In the April to June quarter, 1.8 billion trips were taken by the record 122 million monthly users of Uber, up 24% from the same period last year.
Mr. Khosrowshahi stated in prepared remarks on Tuesday, “I challenged the team to reach our profitability commitments even faster than projected, and the team delivered.
But the company pointed to other positive signs. Though Uber has had to contend with high gas prices and is entangled in a variety of legal disputes across the United States over the employment status of its drivers, it now has nearly five million drivers around the world, a record number and a 31 percent increase from a year earlier.
Uber’s strong results, on the heels of more mixed reports from other tech companies like Amazon and Microsoft, were not without blemishes. The company still lost $2.6 billion, including $1.7 billion from its investments in other ride-hailing businesses like Aurora, Grab and Zomato.
The corporation performed better than experts had predicted, overcoming worries about high inflation to report $8 billion in revenue, a 105 percent increase from the same period last year, when the world was only starting to emerge from pandemic lockdowns. Although its food delivery division saw a 37 percent boost from a year earlier, Uber’s ride-hailing business growth was what drove the growth.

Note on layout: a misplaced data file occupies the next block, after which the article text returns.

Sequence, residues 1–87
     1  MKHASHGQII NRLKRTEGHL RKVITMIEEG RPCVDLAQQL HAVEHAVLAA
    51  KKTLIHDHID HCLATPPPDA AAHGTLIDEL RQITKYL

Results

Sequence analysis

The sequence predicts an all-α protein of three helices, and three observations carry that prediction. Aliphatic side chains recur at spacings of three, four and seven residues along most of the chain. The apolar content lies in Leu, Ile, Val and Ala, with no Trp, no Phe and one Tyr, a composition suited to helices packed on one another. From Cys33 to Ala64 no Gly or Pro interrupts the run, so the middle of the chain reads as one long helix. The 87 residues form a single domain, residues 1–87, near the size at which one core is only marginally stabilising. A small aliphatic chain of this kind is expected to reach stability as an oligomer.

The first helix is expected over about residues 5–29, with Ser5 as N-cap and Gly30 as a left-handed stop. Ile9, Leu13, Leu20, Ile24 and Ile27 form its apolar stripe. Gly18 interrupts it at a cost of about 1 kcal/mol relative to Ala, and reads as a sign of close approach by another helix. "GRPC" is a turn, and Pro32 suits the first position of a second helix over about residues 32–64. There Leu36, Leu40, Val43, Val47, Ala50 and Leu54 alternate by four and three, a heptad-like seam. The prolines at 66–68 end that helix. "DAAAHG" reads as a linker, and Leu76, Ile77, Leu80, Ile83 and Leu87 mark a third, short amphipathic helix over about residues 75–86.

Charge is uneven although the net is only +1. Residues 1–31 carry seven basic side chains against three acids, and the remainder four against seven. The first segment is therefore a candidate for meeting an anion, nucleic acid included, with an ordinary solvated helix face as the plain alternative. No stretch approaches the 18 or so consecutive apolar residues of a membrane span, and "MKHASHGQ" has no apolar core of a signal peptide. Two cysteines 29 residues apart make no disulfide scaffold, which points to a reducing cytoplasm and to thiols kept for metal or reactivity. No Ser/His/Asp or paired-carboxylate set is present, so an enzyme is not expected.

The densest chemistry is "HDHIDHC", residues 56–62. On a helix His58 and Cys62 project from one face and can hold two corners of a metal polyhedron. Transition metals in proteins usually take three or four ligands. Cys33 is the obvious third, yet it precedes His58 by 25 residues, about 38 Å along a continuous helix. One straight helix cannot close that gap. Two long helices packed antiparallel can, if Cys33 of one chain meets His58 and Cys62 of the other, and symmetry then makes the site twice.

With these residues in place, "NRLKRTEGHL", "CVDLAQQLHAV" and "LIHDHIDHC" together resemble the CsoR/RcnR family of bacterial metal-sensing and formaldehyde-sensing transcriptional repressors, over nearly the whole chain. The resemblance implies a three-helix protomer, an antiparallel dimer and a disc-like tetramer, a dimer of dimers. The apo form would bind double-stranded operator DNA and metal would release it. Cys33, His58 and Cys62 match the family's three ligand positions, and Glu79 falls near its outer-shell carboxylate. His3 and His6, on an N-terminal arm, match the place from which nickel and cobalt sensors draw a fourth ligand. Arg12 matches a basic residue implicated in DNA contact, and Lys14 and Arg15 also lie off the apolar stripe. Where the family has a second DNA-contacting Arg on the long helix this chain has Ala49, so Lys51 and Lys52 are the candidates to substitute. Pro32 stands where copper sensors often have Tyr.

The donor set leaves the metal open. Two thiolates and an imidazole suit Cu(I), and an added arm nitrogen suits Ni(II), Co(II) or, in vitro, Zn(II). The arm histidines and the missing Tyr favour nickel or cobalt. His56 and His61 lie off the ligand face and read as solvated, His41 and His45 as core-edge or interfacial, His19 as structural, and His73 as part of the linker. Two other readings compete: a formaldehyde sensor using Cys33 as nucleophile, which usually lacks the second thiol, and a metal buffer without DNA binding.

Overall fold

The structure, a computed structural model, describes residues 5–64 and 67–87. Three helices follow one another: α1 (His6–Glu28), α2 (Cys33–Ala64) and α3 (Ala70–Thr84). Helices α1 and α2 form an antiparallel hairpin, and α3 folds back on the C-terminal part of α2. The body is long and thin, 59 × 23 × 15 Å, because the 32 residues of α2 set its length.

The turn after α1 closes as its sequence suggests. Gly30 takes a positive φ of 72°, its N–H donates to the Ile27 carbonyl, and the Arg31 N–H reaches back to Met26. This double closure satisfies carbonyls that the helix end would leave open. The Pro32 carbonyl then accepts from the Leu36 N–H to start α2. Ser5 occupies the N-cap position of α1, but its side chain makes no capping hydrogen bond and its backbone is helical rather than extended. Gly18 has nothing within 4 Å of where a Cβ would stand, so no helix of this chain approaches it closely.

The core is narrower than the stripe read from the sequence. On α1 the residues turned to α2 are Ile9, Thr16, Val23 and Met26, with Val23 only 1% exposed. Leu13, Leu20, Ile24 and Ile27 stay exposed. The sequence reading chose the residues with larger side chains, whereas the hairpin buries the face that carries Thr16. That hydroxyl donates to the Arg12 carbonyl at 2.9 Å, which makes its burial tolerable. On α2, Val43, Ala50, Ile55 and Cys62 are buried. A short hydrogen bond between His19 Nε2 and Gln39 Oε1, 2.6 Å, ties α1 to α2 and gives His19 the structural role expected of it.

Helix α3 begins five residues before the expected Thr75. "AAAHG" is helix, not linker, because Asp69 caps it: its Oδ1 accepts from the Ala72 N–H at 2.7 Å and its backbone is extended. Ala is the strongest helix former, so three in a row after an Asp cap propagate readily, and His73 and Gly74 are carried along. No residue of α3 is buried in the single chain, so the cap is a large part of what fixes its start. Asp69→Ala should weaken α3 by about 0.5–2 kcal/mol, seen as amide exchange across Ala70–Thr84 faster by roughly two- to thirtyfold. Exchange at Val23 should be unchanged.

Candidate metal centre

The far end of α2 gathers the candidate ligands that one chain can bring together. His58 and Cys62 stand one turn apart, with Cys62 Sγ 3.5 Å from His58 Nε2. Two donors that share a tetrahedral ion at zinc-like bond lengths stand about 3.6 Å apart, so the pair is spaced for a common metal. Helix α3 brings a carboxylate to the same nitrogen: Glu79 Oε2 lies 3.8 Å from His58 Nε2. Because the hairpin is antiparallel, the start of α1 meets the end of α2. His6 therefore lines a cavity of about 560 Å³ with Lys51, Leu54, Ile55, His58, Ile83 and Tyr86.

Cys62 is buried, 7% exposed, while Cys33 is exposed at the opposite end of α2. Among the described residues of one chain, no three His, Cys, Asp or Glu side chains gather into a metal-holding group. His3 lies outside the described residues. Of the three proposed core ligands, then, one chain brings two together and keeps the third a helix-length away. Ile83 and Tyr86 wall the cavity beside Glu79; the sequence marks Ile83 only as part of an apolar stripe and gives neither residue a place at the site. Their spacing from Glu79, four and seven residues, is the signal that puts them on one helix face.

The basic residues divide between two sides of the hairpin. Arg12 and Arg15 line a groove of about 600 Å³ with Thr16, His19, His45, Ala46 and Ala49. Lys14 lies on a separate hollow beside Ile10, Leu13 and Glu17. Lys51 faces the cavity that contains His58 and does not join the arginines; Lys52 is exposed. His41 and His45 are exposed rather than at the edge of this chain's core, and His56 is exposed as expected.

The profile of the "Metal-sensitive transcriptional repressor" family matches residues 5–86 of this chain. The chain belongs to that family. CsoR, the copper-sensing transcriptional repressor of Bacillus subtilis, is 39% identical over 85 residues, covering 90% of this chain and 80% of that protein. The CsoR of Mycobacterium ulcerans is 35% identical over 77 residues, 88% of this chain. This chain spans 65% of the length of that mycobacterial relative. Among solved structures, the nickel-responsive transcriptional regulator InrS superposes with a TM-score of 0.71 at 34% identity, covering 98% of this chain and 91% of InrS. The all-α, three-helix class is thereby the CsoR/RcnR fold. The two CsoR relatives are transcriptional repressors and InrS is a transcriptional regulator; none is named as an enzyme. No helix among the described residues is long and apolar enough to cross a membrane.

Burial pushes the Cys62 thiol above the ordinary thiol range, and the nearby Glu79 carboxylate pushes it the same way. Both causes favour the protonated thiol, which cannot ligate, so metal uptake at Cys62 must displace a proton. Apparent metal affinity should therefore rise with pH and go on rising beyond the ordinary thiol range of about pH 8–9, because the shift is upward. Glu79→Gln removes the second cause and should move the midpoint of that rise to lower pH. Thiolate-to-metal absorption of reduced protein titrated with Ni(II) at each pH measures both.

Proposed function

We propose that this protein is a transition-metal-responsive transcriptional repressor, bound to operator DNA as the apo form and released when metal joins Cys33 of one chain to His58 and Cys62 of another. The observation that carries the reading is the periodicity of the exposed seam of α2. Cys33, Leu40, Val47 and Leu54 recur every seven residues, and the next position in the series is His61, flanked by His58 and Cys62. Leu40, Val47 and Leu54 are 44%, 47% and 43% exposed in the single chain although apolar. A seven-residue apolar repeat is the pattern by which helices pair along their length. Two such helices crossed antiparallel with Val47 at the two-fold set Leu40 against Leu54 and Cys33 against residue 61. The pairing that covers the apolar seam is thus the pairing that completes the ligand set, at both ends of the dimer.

Uber reported having created $382 million in free cash flow, marking the first time in a quarter that it had done so. This means that it had made more money from its commercial operations than it had lost. The chief executive, Dara Khosrowshahi, is working to steer Uber toward routinely earning a profit, and he is aiming for that milestone. Mr. Khosrowshahi has instructed his staff to cut expenses and concentrate on profitability as the tech and business industries have shrunk.
On Friday, Uber said it would begin allowing drivers to see their destination and earnings for a trip before accepting a passenger, a change that the company said was aimed at giving its drivers more flexibility and support. The new program, Upfront Pricing, has been tested in about 20 U.S. markets this year and will be rolled out to most of the country, except California and some other markets, in the coming months, said Alix Anfang, an Uber spokeswoman.